The Orientalist slave fantasy reached prime time in 1919, with the publication of Edith Hull’s colossal best-seller, The Sheik, which basically invented the rape/romance novel genre (Gone with the Wind wasn’t until ‘36). In 1921, it was made into a “photoplay” starring Rudolph Valentino in the title role, and he quickly became one of the first Hollywood sex symbols, with frequent reports of women screaming and fainting in the theaters. (The book itself had sold so many copies that reviewers claimed that 2/3 of the women in America had read it. Surely a lie, but…)
The heroine of the novel, Diana, is a straw feminist tomboy who hates men, but it’s OK, she just needed to get abducted and made into the sex slave of a dashing Arab chieftain, and she got over it. Here she is right after being told she’s going to be raped the first time:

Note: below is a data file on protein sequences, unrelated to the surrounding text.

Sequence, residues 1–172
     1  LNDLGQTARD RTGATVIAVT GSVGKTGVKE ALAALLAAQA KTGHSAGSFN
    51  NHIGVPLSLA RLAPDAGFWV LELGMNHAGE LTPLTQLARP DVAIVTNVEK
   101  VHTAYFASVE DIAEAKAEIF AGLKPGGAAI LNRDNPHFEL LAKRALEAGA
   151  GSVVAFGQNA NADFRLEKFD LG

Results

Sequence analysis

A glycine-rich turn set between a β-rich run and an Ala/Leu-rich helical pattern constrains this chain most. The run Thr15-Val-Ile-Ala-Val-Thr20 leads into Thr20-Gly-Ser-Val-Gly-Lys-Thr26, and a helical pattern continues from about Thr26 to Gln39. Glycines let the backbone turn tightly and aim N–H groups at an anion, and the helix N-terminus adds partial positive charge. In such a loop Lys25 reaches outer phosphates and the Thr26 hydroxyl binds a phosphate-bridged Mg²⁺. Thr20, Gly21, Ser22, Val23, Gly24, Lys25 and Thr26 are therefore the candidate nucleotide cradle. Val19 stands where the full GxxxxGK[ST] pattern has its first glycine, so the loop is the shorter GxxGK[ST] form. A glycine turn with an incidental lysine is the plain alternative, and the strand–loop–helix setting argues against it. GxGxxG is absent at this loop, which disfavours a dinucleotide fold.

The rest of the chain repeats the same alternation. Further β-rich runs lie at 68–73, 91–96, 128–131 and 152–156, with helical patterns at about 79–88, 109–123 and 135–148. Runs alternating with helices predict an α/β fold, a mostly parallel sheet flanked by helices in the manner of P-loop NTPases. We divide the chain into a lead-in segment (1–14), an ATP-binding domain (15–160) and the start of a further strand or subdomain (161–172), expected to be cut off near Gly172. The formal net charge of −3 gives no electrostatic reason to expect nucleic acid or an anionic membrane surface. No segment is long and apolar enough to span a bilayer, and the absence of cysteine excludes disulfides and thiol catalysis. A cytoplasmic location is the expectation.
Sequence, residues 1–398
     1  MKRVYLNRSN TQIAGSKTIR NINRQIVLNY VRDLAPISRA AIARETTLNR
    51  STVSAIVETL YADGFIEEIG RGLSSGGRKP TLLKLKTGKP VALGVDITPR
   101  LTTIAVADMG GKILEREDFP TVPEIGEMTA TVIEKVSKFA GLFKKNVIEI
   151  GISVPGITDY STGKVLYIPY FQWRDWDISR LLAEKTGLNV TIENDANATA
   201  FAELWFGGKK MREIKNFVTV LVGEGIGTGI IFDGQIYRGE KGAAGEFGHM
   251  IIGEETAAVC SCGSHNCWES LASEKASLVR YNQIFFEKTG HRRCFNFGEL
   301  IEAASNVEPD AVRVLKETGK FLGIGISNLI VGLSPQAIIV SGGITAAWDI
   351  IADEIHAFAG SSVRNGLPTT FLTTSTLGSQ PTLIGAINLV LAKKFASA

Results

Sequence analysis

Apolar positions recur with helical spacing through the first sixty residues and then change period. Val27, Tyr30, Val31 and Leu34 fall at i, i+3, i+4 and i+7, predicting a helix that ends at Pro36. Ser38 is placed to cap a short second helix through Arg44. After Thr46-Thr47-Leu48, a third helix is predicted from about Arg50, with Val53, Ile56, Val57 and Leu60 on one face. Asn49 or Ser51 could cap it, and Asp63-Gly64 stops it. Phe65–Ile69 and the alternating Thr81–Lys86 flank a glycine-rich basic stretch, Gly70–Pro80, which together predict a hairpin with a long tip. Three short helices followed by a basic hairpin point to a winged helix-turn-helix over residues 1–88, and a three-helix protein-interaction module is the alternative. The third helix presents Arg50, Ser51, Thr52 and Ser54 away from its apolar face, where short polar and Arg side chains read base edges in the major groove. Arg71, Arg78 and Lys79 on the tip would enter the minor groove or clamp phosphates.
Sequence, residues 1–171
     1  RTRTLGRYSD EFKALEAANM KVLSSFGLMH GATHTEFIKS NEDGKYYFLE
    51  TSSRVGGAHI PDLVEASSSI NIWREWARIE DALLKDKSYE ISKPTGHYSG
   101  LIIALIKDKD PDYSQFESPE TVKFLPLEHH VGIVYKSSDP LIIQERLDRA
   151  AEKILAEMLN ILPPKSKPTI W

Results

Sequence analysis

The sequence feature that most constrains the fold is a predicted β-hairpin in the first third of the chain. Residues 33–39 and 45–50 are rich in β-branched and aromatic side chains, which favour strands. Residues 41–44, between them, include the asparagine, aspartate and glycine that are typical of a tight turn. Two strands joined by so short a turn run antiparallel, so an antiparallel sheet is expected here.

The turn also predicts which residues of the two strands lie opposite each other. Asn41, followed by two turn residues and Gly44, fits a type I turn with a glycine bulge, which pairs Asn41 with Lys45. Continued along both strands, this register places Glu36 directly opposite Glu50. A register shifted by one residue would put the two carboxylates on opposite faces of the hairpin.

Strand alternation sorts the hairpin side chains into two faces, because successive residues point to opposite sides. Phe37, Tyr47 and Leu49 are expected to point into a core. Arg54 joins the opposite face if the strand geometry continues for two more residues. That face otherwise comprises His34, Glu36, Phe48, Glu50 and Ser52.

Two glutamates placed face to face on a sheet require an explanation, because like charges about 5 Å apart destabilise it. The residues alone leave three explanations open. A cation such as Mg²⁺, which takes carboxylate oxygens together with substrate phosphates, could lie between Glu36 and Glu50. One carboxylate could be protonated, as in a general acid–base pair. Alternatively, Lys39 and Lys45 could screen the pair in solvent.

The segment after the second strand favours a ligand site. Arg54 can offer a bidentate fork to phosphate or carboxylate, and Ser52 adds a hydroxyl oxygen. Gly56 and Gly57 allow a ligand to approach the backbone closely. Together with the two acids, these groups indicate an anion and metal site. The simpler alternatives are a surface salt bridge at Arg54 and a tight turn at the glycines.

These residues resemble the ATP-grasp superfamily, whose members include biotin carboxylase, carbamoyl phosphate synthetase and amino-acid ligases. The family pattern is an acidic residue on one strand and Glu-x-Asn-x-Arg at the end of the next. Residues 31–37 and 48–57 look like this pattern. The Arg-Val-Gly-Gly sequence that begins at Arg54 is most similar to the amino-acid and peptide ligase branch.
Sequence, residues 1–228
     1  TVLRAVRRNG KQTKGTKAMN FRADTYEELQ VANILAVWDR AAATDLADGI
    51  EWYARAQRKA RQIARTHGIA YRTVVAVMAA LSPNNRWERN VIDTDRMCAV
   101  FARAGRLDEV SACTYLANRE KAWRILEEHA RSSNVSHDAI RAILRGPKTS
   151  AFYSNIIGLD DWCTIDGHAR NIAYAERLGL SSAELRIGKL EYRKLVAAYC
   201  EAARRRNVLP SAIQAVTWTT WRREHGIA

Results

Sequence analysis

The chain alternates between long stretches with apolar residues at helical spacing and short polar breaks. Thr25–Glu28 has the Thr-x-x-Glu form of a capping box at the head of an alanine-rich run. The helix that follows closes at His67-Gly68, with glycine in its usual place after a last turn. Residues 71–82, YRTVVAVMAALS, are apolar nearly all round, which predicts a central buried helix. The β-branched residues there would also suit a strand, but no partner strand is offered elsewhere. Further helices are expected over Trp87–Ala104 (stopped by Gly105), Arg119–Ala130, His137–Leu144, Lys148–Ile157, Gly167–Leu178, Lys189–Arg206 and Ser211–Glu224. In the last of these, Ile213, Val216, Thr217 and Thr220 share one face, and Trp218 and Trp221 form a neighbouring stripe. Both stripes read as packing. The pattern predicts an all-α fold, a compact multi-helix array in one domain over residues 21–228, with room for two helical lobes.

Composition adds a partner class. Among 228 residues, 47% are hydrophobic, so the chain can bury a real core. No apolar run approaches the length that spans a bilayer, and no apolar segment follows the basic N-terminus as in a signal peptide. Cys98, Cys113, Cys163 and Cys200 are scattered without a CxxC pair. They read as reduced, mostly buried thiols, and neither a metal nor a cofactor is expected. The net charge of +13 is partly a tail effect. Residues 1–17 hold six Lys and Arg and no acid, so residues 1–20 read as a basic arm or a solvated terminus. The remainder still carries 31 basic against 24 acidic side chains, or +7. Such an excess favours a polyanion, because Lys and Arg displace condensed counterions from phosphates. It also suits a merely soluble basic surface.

Terror, agonising, soul-shaking terror such as she had never imagined, took hold of her. The flaming light of desire burning in his eyes turned her sick and faint. Her body throbbed with the consciousness of a knowledge that appalled her. She understood his purpose with a horror that made each separate nerve in her system shrink against the understanding that had come to her under the consuming fire of his ardent gaze, and in the fierce embrace that was drawing her shaking limbs closer and closer against the man’s own pulsating body. She writhed in his arms as he crushed her to him in a sudden access of possessive passion. His head bent slowly down to her, his eyes burned deeper, and, held immovable, she endured the first kiss she had ever received. And the touch of his scorching lips, the clasp of his arms, the close union with his warm, strong body robbed her of all strength, of all power of resistance.
With a great sob her eyes closed wearily, the hot mouth pressed on hers was like a narcotic, drugging her almost into insensibility. Numbly she felt him gather her high up into his arms, his lips still clinging closely, and carry her across the tent through curtains into an adjoining room. He laid her down on soft cushions. “Do not make me wait too long,” he whispered, and left her.